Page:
I moved to Bangalore in the winter of 2011. In terms of my career, the move was simultaneously easy and difficult. Easy because as a solo Bharatanatyam dancer, I was not tied down to any particular city to help my career flourish. But it was also difficult because in this new city, I was not known at all. I had laboriously built a small reputation for myself in the Delhi dance circuit. Delhi audiences had at least seen me dance every now and then for a decade since my Arangetram in 2001. I had also built relationships – with other dancers, with dance scholars, dance critics and crucially with the brilliant musicians who would perform with me. Moving to a new city meant rebuilding all of that here.
At first, I freelanced. I took up projects that interested me, that I’d heard about through word of mouth, I performed with them, I performed my Bharatanatyam at all the festivals I could possibly find in Bangalore regardless of how much (or how little) they paid, and I continued to travel to Delhi and abroad to perform. I also taught Bharatanatyam at home, and taught yoga at other people’s homes as a personal instructor. That whole first year, I didn’t worry about financial stability or saving money for the future…I was used to the fact that being a dancer meant that sometimes you would have financial security and other times you wouldn’t.
But really, no one truly gets used to the uneasiness of financial uncertainty. So when the opportunity to teach dance at a well-reputed school presented itself to me, I seized it. The way I looked at it, I would go to work during the day, and rehearse in the evenings and on the weekends. I would also be able to accumulate some savings for a secure full-time dancing career in the future.
At first, it seemed to have worked out perfectly. A few days after I joined, I was gone on a dance project to Trivandrum to work with Daksha Sheth. When the summer holidays at school arrived, I did my performances and I had time to arrange a few performances in Delhi. And over the course of the year, I didn’t have to worry at all about finances.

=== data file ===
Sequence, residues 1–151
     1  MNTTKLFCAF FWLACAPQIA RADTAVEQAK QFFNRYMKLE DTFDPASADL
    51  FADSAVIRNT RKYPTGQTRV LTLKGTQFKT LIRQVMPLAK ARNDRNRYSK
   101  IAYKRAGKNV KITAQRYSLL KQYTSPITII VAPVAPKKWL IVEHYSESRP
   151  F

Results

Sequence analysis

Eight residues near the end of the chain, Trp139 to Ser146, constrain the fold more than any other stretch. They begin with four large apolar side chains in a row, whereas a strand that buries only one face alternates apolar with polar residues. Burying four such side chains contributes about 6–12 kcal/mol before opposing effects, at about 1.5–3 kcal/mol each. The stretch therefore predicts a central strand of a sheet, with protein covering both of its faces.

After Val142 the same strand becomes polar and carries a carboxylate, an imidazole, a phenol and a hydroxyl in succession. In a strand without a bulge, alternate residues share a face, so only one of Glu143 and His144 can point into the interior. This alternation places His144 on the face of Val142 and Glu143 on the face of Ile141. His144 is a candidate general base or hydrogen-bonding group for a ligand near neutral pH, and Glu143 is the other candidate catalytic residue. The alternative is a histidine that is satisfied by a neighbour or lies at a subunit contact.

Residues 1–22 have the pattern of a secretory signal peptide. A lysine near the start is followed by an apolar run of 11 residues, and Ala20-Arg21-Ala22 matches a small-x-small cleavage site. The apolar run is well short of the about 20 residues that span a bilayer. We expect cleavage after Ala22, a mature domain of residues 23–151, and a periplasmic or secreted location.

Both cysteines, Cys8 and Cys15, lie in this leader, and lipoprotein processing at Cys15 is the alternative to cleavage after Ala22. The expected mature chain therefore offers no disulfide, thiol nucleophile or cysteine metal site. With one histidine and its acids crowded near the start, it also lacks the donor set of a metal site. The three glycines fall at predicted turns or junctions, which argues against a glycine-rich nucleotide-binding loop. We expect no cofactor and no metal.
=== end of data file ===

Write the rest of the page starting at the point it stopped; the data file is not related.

But now that I look back at the last year or two, I realize that I had unwittingly paused my performing career. Adjustments that I thought were little, and plans that I thought could be postponed, turned out to be big adjustments and lost opportunities. The number of times I said no to a performance opportunity because it was during a working week, or how many times I missed Bragha akka’s Bharatanatyam workshops in Bangalore because it clashed with my work hours started to weigh heavily on me. I was suddenly aware of how tired I was during rehearsals for my own project – that the dancers who wanted to work with me on the project were more aware, awake and alive – than I was, after I came home from work. I found myself missing out on dance events because after a long day at work, the prospect of driving for an hour across the city to watch a performance or attend a workshop seemed like an impossible task. As for my performing, I went from performing several times in 2012, to performing twice (only once in India) in 2014.
Before I knew it, I was in the midst of an identity crisis. I am a dancer, but I was not dancing! What did that make me? I worried that after all those years of dedicated training, performing and building relationships, I would slowly fade away from the memories of rasikas and dancers. That I would slowly become invisible in the world of dance. After all, to be remembered in the dance world requires visibility. And dance, like any other skilled activity, requires a lot of practice. It also requires thinking space through which innovative ideas develop during practice. I was slowly losing all – visibility, regular practice and creative head space.
I decided to leave my job as a ‘dance teacher’ and get back to being the ‘dancer’ that I had always been. Last Friday was my last working day. The goodbyes were sad. I will definitely miss the school I taught at, and all the people in it. I am yet to figure out how I’m going to manage the financial part of reliving the life of a full-time dancer, and I’m sure I’ll miss the financial security. But then I tell myself, at least I won’t miss dance.
When it was suggested to me that I write about this experience, I realized that this would be a very personal and biographical article. But while writing, it has become clear that the article is not just about me. This must be the story of many dancers in India.
Why do dancers sometimes have to give up dancing ‘full-time’? Because they yearn for financial independence and stability, which a career in dance doesn’t always provide. A dancer, more often than not, has to either teach or do some other job to be financially secure. There are only a handful of dancers who have the financial support of their families, and many of them understandably take that support. But there are also scores of dancers who cannot afford to do that. They have bills to pay, and families to support. There are also dancers who have the option of taking that support, but don’t want to. Like me. And so, dancers have to sometimes put a pause to their dreams of dancing full-time. And hopefully, at some point, also release that pause button, for their own sake and for dance.
(A modified less personal version of this article is to appear in ‘Attendance’ shortly)
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